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Auto 4WD works well in the snow and ice.


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3 hours ago, swathdiver said:

When in Auto, the front driveshaft is spinning.  You will wear out the transfer case prematurely by leaving it in Auto, these are not AWD transfer cases with a planetary and made to run on any road surface all the time.  Use it when you think you'll need it and then switch back to 2HI.


Sorry, I don't buy it. You do what you want, I'll do what I want. According to you, this is the same transfer case as my Jeep has and it's full time auto, there is no 2wd option and it's not AWD, and Jeeps aren't dying left and right from it.

Even if it does fail, it's a warranty issue. The owner's manual makes no statement about leaving it in auto being a bad thing. If it was it would be mentioned as a condition which would not be covered under warranty like they do with many other things.

I also read that Police vehicles are required to remain in auto mode at all times.

I don't buy snake oil. Show me proof that full time auto mode is bad and will cause a failure in under 200,000 miles (which is the expected life of our vehicles), or else it's just conjecture. I don't care if it will fail at 400,000 miles...

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20 hours ago, Davew277 said:


I plan to use auto all of the time on my 3500 too. I don't see any good reason to not use it. It only engages when it's needed. Otherwise it's in 2wd.

When you engage Auto it locks in movement of the entire front drive system which is usually "unlocked" in 2 wheel drive.  Leaving it in auto will cause drag and wear on parts with little to no benefit "all of the time".  On dry pavement it will engage on turns as it works with wheel speed sensors, which will be hard on the 4x4 components (binding etc).  It is a great system and functions well when you need it.  I would refrain from using it full time but thats my opinion.

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I too had the opportunity to try out the auto function. No problem at highway speeds over the passes or street speeds on icy roads. It worked real smooth, no herky-jerkey in sharp turns like I remember from my other 4wd trucks. I also saw that if a wheel looses traction, the HUD shows which wheel is loosing traction when braking and accelerating. Not that it helps much, but it shows that the computer is monitoring all wheels.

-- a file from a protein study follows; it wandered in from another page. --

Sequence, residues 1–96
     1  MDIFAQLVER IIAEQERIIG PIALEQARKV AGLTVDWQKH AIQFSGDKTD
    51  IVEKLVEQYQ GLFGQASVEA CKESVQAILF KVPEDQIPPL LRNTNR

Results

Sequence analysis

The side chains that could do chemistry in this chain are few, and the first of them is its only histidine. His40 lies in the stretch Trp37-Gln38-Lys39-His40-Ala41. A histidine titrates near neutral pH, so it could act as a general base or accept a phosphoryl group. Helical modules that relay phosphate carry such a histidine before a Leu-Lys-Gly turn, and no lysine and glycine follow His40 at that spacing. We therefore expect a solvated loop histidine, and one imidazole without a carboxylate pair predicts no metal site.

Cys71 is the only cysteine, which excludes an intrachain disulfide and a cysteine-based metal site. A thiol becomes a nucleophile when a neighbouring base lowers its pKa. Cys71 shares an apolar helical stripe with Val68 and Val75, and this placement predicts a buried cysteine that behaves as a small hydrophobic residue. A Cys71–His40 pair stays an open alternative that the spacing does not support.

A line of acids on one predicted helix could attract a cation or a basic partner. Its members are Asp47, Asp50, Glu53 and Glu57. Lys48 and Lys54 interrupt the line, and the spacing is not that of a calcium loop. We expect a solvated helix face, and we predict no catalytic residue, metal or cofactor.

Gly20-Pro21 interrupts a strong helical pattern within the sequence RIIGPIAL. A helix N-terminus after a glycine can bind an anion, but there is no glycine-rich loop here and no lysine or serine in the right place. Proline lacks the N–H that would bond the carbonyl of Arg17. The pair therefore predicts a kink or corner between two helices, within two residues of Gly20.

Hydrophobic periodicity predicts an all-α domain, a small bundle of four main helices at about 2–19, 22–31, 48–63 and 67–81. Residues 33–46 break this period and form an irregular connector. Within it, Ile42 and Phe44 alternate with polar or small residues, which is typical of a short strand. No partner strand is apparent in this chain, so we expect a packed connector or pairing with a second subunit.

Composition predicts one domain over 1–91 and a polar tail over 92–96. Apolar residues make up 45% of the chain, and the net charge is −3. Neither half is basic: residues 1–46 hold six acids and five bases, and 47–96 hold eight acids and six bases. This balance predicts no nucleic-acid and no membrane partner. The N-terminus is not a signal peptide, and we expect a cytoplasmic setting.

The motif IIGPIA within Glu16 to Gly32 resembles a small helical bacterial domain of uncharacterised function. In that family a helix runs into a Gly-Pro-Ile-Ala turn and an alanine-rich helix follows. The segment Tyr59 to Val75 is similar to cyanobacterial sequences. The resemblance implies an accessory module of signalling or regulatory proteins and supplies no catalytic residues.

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6 hours ago, swathdiver said:

 

It's your money.  I learned about it by reading these forums in an attempt to learn from other people's mistakes.


It's not my money, it's a warranty issue if it fails at any time for me. I have a lifetime warranty on my powertrain. I guess my Jeep will be in the shop soon along with every other Trailhawk owner out there since it's always on auto with no way to disable it...

Using your doors will cause your door hinges to wear out prematurely. I guess you shouldn't use those either.
 

9 hours ago, dal1980 said:

When you engage Auto it locks in movement of the entire front drive system which is usually "unlocked" in 2 wheel drive.  Leaving it in auto will cause drag and wear on parts with little to no benefit "all of the time".  On dry pavement it will engage on turns as it works with wheel speed sensors, which will be hard on the 4x4 components (binding etc).  It is a great system and functions well when you need it.  I would refrain from using it full time but thats my opinion.


To each his own. The only real downside is the slight impact to mpg. I'm not concerned about mpg. There is no evidence that using the system full time will cause any breakdown in the powertrain before other powertrain components fail. Most people will sell their trucks long before it will even become a potential issue, and the people that do will surely have other powertrain issues before they have issues resulting from using auto mode.

But if people want to keep their front powertrain in great condition for the next owner of their vehicle, have at it. It will not have any impact on the resale value, at all.